Unfortunately those walls weren’t enough, for the history of the city reads like the ebb and flow of conflict. In the 16th century the country was defeated by the Ottomans and remained under its domination for 140 years. Then it switched master to that of the Habsburgs following the Ottoman’s ouster. During all that time, the city was enriched as each succeeding conqueror rebuilt the damaged city. We were amazed with the depth of preservation that remains despite the years of conflict.
Looking down from them hill
Now Buda on the west bank of the Danube is higher ground. In fact, if one took the evening cruise (which we did), one will easily see that the hills well overlooks the eastern bank that Pest is. It used to be full of vineyards but then a fortress was built on Gellert hill in the 1850s, to actually watch over the city. In case it revolted again. Talk about homeland security bearing down on the civilian population instead of protecting it! Sigh.
But you see the spirit of independence of the Hungarian people did not get extinguished just because they fell first under the Ottoman and later the Habsburg yoke. Guess walls don’t do much to change minds huh? Today though, the reason to assault ascend the hill is for a Panorama of the city with the river Danube running through the city.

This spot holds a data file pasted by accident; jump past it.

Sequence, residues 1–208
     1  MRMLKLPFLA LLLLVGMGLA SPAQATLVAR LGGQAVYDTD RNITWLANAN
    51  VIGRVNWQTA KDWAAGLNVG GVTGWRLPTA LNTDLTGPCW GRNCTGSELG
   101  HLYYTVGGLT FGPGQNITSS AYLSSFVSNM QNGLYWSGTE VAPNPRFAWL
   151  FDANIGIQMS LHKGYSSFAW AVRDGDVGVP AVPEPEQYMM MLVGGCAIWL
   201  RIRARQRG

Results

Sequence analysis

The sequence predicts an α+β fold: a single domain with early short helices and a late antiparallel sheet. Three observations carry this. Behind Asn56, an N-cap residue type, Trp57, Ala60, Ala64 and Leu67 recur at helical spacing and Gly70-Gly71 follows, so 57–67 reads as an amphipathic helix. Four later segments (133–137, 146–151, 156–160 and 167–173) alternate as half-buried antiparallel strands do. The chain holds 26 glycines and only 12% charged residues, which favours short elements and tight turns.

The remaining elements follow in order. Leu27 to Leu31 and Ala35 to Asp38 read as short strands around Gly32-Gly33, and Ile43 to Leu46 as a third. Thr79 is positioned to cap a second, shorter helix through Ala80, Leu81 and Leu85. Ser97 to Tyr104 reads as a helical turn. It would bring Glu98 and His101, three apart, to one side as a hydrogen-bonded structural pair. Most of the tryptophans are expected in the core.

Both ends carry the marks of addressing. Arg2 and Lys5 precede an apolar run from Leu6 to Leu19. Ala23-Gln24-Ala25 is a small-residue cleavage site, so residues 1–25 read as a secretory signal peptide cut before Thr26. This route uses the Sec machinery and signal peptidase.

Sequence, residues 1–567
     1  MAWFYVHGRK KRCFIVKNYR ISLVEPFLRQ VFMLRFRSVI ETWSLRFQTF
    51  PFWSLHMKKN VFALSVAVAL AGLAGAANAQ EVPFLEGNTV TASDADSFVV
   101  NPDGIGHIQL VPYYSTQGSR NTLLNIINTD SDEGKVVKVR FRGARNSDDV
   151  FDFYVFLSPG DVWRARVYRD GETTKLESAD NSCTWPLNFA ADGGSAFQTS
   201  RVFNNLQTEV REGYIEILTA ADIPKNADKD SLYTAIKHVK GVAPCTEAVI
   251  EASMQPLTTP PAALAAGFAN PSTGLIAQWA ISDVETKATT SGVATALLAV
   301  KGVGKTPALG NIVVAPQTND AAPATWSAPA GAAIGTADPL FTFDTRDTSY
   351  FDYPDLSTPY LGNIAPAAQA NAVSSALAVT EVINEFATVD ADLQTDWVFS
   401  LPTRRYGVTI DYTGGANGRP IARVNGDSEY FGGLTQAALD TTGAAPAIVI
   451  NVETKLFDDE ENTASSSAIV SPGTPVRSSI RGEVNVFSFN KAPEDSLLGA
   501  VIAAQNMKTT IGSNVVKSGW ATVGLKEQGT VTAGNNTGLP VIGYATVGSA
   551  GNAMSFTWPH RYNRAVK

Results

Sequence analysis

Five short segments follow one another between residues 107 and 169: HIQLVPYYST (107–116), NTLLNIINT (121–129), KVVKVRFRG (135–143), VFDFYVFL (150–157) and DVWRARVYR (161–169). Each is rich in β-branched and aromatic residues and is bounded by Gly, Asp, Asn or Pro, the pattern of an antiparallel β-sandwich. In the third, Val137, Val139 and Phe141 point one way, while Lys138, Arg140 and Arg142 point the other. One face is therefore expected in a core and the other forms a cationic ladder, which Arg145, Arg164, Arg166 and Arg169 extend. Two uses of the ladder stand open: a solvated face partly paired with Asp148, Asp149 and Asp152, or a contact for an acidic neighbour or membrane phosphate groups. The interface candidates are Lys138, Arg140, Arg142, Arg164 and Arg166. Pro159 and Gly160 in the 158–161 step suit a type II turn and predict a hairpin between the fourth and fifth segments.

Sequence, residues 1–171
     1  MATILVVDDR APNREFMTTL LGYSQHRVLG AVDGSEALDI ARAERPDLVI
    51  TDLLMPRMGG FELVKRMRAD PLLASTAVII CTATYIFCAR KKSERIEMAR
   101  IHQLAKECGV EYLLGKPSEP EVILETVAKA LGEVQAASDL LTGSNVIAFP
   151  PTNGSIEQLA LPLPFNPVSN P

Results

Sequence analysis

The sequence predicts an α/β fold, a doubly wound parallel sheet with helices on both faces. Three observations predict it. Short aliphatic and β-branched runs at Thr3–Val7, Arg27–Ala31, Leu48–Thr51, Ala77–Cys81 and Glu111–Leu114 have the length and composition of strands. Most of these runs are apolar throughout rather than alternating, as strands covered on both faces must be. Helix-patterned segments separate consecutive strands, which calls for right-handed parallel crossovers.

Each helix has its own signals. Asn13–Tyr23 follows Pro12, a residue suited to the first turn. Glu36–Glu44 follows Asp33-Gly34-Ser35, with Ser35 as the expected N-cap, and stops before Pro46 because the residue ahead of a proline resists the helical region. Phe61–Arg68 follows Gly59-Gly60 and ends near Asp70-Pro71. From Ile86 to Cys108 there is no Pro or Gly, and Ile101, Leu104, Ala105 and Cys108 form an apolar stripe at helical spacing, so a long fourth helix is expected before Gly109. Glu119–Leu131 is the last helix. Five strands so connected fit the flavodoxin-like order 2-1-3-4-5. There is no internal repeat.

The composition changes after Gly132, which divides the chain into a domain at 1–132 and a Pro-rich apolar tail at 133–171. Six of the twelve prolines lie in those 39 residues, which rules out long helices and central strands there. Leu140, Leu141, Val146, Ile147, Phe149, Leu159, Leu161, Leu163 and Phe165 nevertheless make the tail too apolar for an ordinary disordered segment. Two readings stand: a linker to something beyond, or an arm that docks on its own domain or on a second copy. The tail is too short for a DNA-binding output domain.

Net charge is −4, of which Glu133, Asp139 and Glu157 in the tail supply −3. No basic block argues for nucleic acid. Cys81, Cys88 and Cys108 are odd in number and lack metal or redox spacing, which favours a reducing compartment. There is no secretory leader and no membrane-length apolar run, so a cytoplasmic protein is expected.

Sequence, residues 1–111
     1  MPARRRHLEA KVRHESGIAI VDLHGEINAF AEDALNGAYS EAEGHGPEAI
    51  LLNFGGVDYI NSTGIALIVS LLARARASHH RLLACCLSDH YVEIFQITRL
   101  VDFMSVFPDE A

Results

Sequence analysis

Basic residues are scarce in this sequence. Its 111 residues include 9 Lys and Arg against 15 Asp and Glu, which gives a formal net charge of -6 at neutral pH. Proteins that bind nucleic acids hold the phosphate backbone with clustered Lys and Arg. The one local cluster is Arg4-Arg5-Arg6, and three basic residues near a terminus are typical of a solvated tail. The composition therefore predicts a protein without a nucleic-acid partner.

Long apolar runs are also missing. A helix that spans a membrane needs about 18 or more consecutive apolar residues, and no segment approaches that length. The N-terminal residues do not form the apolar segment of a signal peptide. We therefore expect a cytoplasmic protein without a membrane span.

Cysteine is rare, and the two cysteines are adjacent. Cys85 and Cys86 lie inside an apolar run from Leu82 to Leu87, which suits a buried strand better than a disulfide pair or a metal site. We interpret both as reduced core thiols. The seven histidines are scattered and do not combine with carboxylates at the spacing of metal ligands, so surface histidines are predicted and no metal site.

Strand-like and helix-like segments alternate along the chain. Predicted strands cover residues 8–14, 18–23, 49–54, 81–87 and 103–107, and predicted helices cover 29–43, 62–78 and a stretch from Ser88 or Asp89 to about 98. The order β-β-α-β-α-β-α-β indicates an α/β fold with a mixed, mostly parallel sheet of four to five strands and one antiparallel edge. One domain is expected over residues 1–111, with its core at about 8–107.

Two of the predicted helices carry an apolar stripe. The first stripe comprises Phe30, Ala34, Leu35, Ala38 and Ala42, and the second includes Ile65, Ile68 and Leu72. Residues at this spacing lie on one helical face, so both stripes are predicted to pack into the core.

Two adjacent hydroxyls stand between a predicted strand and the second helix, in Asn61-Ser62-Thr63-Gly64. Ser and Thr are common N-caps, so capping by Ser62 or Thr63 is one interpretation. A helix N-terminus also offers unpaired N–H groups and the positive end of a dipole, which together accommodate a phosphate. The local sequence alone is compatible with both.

The Matthias Church was built by King Matthias in the early middle ages (who else?). It survived the Mongol destruction and became a mosque during the period of Ottoman rule. Because the city was a dual capital from the 1850s, the church was used as a coronation site for newly minted emperors. It is such a beautiful church from the outside. And nearby is Fisherman’s bastion. Did you think it was a place for the fishermen to gather and sell their produce? Duh.
First let’s be clear what’s a bastion. It is a part of a fortification that sort of juts out in an angular fashion. So obviously no fishermen selling fish here since this is all military speak. Remodeled in the early 1900s, these ramparts afforded yet another wonderful view of the city of Pest below. But do you know why it is named after fishermen? Ok, if literature is to be believed then that’s because the fishermen’s guild was responsible for manning and protecting this stretch of the city defense wall. So the name stuck, according to these sources.
True or not? Well you tell us!Budapest is also famous for having the third largest parliament building in the world. While the plan for it started in 1885, it was only in 1904 that it was completed. Today the building is only used partially by the government and it is open to the public. You can admire the beautifully decorated interior of the parliament with its chandeliers and view the Crown of Hungary in its central hall (no there is no King here anymore) in a giant glass vault.